Algerian-born singer and violinist Akim El Sikameya has a unique voice. It's high but full -- until you get used to it, it's easy to believe you're listening to a female. Add to that his take on Arab-Andalusian melodies, often veering into jazz (as on "Amertume") and you have a very interesting figure. There are love songs, controversial lyrics against the dangers of fundamentalism -- which forced him to move to France in 1994 -- all cast in the general musical framework (it's worth pointing out that this album isn't really an introduction -- he's had three previous CDs). That he's accomplished is beyond doubt, as "Ya Waadi" won an award in 2007, and his band is very tight, mixing roots (accordion and bouzouki) with the more modern or even unusual (charango and saxophone). The problem is that much of the music comes out sounding quite homogenous. There are a few moments of distinction, but far too often it's simply bland, no matter how well it's played. That's unfortunate, because there's obviously a talent here trying to get out.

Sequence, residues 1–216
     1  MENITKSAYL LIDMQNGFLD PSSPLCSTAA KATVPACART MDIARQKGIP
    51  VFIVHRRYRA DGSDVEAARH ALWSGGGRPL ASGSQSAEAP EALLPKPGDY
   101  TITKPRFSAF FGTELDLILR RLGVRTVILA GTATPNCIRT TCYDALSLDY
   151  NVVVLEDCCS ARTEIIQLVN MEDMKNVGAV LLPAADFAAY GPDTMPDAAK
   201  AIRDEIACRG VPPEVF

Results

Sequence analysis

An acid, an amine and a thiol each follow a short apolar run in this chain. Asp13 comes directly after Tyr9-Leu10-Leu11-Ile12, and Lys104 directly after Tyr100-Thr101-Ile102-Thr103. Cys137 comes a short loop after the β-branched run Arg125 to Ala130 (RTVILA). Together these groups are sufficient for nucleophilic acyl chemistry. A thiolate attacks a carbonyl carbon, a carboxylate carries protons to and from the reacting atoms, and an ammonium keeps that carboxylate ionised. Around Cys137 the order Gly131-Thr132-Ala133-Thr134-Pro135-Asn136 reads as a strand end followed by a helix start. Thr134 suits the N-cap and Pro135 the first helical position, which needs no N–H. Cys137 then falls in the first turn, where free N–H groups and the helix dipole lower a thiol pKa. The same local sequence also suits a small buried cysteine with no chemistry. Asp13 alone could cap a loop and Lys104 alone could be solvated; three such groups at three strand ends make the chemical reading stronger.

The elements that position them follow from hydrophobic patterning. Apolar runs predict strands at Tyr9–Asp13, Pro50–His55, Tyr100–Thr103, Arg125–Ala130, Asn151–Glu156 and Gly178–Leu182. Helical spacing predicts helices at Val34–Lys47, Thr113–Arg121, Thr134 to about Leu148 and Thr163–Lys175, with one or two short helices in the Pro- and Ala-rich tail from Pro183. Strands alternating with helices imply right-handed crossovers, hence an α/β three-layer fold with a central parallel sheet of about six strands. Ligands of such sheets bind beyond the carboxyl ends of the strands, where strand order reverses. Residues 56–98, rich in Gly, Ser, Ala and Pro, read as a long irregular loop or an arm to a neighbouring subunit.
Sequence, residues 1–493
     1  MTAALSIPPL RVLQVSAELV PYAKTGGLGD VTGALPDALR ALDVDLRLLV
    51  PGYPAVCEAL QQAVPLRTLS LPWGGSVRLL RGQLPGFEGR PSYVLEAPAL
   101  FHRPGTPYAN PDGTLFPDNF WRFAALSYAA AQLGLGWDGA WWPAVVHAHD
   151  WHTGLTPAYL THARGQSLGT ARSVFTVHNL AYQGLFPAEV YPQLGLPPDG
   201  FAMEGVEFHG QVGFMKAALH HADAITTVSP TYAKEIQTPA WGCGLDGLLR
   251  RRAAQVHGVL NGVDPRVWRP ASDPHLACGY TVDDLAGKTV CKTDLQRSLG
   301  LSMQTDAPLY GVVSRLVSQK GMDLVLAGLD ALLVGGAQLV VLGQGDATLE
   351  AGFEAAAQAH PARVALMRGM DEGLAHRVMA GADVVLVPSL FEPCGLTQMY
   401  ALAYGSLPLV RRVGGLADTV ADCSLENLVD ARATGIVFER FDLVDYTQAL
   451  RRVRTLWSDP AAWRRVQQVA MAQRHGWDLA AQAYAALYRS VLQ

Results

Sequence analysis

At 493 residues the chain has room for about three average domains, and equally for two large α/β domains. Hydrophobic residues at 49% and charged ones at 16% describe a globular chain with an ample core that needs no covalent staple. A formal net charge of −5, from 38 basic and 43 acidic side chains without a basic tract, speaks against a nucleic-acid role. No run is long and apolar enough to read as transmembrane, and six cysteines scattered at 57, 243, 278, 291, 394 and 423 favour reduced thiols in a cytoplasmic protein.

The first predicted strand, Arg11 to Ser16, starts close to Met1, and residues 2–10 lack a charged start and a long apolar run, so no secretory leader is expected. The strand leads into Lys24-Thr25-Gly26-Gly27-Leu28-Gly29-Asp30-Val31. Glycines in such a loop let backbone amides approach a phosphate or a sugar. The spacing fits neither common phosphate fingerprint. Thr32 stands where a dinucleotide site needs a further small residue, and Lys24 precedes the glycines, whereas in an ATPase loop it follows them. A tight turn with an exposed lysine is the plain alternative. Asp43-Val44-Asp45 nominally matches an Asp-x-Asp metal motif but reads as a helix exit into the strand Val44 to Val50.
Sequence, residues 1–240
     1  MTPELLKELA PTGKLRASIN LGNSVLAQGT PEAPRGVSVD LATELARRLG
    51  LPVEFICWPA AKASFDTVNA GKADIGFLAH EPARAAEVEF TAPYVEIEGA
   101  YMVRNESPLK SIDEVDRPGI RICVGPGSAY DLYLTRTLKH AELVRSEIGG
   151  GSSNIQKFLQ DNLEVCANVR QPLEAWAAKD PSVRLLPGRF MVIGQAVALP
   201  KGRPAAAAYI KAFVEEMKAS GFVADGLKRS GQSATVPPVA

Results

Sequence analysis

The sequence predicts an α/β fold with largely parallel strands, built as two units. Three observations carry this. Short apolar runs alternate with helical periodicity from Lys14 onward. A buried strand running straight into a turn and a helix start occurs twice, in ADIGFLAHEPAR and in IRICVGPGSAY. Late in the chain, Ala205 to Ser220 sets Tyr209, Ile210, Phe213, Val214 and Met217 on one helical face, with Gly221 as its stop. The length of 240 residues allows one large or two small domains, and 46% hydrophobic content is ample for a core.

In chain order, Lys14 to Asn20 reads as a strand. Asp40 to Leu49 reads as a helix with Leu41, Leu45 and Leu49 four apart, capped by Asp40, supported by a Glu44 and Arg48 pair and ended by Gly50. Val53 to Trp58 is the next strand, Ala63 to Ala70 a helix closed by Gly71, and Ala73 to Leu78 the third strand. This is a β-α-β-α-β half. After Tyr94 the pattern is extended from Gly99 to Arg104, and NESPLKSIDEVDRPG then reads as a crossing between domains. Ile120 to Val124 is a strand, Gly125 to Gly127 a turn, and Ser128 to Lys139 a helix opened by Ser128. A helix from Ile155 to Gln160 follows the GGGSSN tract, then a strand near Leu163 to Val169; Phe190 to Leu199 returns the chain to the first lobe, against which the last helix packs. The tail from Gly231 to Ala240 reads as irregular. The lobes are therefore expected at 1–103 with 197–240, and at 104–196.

AllMusic Review by Chris Nickson